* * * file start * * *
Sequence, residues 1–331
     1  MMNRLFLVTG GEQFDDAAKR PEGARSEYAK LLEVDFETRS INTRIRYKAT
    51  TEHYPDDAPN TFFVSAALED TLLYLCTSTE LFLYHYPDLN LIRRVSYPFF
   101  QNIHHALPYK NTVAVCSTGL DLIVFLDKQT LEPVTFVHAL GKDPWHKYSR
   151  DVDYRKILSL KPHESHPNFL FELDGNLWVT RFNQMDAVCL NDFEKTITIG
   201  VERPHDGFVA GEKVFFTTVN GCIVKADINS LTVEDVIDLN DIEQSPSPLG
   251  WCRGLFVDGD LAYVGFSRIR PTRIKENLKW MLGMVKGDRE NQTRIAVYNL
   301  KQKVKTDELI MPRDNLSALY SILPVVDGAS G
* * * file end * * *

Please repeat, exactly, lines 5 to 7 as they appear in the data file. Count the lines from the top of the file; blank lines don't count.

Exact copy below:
   151  DVDYRKILSL KPHESHPNFL FELDGNLWVT RFNQMDAVCL NDFEKTITIG
   201  VERPHDGFVA GEKVFFTTVN GCIVKADINS LTVEDVIDLN DIEQSPSPLG
   251  WCRGLFVDGD LAYVGFSRIR PTRIKENLKW MLGMVKGDRE NQTRIAVYNL